The term “spin” has historically been associated with political and governmental campaigns. Two prominent citations stem from the Washington Post and New York Times. In 1977, Washington Post staff writer Spencer Rich wrote an editorial about Mike Pertschuk, former chief counsel and staff director, Senate Commerce Committee. Rich accused Pertschuk of “being too ardent a consumer advocate, of ‘lobbying’ members of the committee on behalf of things he thinks are good, of putting his own philosophical ‘spin’ on options, of being too close to Ralph Nader, of having excessive influence on Magnuson; in short, of acting like the ‘101st senator.’” In 1984, under the headline “The debates and the spin doctors,” New York Times editorial writer Jack Rosenthal predicted that “a bazaar will suddenly materialize in the pressroom” during a presidential debate between Ronald Reagan and Walter Mondale. He explained: “A dozen men in good suits and women in silk dresses will circulate smoothly among the reporters, spouting confident opinions. They won’t be just press agents trying to impart a favorable spin to a routine release. They’ll be the Spin Doctors, senior advisors to the candidates, and they’ll be playing for very high stakes.”
Doublespeak appears to be a “close cousin” to spin. Kinnick stated, “doublespeak represents a language that is strategically chosen to distort or obscure reality. It is often associated with misleading advertising claims, unethical politicians, and public relations ‘spin doctors’ who use language to frame a subject in the most positive light” (2005, 260).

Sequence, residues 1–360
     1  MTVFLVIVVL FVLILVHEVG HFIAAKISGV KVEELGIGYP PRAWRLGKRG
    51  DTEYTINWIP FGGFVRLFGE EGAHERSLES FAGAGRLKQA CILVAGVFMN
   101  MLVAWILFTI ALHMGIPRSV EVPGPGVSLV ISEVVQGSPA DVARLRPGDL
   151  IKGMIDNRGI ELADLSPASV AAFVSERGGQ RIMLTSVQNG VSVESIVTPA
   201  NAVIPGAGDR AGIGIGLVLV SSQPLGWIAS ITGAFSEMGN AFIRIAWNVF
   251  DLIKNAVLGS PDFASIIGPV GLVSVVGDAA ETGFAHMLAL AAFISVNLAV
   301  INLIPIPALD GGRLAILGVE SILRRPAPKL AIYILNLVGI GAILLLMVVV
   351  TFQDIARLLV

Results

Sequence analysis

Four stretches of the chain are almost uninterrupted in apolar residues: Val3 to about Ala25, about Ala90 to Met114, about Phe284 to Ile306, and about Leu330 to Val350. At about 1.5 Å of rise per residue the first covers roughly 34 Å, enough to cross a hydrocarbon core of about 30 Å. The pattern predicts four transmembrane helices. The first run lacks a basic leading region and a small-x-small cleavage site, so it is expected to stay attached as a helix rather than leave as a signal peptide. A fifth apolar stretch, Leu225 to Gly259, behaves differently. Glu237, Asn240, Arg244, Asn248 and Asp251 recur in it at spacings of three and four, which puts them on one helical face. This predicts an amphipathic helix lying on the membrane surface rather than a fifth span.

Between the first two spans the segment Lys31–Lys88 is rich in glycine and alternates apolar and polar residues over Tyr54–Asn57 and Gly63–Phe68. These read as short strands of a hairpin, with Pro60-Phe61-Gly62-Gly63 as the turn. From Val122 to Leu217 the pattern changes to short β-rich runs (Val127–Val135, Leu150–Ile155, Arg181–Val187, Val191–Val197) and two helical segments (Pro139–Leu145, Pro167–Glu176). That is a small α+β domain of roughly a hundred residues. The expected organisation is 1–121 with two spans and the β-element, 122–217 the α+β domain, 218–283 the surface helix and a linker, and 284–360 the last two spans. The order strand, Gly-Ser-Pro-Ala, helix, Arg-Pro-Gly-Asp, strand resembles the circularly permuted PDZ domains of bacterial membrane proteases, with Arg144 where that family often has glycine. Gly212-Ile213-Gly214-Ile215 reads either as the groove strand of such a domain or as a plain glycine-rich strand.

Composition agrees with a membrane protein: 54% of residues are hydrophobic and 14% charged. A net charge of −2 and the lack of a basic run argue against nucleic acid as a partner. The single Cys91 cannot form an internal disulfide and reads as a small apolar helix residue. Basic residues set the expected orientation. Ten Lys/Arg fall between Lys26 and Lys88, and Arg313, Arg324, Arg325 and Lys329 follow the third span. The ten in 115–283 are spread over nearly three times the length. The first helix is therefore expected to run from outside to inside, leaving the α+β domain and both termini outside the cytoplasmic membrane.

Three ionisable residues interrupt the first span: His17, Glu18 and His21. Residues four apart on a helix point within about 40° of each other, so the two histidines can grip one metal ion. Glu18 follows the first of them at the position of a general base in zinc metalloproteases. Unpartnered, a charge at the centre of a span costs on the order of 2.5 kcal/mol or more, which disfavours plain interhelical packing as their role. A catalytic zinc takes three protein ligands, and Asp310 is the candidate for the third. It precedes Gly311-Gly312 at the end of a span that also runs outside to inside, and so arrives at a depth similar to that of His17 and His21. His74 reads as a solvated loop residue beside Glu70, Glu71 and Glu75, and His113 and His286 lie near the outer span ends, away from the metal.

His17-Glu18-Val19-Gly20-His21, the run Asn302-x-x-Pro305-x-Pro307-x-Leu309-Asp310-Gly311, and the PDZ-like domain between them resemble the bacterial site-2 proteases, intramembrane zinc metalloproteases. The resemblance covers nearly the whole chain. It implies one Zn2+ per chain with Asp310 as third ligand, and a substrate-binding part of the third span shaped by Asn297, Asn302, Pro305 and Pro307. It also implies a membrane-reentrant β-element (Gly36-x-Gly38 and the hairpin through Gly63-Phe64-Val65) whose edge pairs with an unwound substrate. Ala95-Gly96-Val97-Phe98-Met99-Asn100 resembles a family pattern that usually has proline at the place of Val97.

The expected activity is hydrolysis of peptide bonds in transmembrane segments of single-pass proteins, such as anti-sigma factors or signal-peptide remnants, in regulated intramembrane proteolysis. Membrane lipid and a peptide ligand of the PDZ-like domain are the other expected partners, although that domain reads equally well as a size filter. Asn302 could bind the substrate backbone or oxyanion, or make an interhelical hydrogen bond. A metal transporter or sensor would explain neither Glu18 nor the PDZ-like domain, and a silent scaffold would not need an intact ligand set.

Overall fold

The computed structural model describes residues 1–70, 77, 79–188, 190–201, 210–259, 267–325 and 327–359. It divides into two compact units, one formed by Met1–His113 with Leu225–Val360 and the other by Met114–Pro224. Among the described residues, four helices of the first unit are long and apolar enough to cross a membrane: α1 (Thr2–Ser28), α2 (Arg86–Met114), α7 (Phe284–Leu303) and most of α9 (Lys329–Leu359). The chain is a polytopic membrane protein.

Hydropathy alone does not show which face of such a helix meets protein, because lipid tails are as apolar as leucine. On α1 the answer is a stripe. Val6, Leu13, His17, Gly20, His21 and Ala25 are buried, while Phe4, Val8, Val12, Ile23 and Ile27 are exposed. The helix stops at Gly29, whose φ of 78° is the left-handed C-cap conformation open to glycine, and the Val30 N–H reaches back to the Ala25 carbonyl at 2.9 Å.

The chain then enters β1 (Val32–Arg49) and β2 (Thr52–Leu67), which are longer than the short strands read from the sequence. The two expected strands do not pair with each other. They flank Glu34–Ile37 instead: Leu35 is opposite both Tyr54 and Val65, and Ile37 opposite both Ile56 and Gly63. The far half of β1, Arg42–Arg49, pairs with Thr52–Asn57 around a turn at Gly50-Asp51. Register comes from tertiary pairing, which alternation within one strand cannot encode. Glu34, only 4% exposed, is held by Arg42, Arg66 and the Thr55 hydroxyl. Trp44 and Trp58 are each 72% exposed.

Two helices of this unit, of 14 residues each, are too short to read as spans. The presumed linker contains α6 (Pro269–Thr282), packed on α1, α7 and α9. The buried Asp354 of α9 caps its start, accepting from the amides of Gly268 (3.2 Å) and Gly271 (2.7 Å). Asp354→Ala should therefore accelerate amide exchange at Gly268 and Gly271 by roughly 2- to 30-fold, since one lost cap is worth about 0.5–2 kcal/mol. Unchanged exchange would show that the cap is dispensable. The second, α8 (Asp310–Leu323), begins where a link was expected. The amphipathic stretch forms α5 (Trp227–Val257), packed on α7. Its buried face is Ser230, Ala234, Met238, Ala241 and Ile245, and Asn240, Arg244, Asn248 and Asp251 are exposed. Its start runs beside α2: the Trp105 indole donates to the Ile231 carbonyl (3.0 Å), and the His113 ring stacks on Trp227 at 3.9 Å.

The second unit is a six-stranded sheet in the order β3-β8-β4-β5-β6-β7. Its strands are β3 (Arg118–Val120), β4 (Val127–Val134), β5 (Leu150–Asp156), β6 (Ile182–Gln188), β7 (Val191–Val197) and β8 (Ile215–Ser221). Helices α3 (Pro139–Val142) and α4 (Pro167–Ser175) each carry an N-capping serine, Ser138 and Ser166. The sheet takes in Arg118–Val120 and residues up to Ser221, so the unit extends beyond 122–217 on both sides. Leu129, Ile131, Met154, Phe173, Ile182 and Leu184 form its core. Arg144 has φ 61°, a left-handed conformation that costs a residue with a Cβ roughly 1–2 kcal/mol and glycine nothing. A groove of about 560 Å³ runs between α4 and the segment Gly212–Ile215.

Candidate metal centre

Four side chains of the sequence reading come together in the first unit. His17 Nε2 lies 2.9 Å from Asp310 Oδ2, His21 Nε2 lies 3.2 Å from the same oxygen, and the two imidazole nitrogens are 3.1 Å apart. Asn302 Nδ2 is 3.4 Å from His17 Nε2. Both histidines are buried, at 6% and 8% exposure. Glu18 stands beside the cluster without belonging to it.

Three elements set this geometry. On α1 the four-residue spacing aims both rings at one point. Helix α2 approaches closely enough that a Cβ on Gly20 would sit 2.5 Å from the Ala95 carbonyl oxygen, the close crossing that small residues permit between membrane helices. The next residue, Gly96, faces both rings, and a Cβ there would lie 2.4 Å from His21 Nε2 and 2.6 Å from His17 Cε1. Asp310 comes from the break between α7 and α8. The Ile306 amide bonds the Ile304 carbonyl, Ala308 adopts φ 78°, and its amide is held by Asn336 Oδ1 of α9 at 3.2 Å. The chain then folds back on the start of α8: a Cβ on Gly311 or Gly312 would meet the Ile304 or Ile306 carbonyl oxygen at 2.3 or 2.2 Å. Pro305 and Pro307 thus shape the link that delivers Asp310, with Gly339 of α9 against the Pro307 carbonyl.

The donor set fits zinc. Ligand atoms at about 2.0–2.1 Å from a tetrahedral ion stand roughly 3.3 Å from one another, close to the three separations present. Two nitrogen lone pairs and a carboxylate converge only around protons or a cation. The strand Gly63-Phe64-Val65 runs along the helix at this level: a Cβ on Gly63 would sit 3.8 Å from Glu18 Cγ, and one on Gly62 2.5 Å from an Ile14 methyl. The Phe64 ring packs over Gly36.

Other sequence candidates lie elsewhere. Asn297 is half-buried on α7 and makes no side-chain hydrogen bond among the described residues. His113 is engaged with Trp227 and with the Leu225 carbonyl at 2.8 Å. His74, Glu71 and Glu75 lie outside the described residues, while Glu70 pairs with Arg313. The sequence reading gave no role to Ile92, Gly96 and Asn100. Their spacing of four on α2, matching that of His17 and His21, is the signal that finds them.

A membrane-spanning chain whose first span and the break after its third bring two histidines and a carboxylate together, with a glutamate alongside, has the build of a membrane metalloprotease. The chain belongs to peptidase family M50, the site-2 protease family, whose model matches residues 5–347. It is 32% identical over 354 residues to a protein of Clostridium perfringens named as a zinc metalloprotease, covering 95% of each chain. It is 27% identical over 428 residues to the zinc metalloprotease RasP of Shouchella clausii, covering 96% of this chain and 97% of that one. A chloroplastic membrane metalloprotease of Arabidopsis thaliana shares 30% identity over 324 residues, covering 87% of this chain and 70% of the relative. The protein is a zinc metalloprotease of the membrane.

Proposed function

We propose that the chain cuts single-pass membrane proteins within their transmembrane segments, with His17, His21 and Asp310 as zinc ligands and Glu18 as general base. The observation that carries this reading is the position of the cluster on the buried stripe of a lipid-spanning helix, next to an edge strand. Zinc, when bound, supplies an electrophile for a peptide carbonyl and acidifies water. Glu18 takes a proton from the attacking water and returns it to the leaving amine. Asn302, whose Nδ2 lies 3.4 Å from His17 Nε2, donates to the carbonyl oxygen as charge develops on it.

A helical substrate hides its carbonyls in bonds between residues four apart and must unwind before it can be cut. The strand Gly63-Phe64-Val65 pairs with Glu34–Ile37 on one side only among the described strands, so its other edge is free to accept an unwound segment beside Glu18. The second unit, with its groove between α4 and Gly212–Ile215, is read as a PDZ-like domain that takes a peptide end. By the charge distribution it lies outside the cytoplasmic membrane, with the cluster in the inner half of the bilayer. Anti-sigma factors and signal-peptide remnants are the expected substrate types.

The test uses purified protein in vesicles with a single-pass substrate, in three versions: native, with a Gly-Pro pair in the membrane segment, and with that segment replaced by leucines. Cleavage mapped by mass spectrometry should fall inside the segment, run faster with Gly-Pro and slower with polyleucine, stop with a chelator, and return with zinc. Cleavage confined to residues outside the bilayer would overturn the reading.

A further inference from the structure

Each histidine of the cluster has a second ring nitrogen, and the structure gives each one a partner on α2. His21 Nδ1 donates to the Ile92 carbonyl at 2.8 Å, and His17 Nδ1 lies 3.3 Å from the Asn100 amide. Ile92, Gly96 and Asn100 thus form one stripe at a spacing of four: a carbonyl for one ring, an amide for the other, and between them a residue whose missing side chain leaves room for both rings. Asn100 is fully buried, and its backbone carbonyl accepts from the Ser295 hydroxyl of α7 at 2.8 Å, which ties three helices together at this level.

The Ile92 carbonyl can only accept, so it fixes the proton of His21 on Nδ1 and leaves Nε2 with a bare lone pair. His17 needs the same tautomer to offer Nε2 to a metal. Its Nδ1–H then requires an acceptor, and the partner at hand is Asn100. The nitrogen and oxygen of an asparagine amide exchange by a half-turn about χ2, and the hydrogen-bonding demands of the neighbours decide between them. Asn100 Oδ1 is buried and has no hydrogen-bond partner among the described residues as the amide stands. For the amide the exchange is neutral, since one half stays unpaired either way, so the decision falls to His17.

Somewhere between its early beginnings among the political arena and its present-day use, the term “spin” has become associated with the public relations profession. Sumpter and Tankard (1994) identified the spin model as an alternative approach being practiced in the public relations industry. Part of the reasons this profession may be connected with spinning behavior is because these practitioners have been – historically – associated with using propaganda techniques. The term propaganda itself has a negative connotation. So we should consider the way we engage in and discuss the concept of strategic persuasion. The term motivation has a much more positive connotation, and people seem more responsive to being motivated to do something than being persuaded to do it.
With something of the ominous and the conspiracy theory about it, the public relations spin model still prevails today. Evidence lies not only in the profession but also in the plethora of literature written about spin and its relationship to public relations. The reasons behind this association are open to speculation; however, they may stem from misrepresentation and misinformation.